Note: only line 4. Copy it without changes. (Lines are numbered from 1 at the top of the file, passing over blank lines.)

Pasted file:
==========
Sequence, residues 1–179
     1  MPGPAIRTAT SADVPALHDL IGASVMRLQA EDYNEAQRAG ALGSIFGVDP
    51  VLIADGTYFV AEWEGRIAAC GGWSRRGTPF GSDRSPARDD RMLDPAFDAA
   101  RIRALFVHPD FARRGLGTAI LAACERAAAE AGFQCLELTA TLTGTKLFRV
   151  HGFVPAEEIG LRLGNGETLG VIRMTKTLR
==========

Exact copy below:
   101  RIRALFVHPD FARRGLGTAI LAACERAAAE AGFQCLELTA TLTGTKLFRV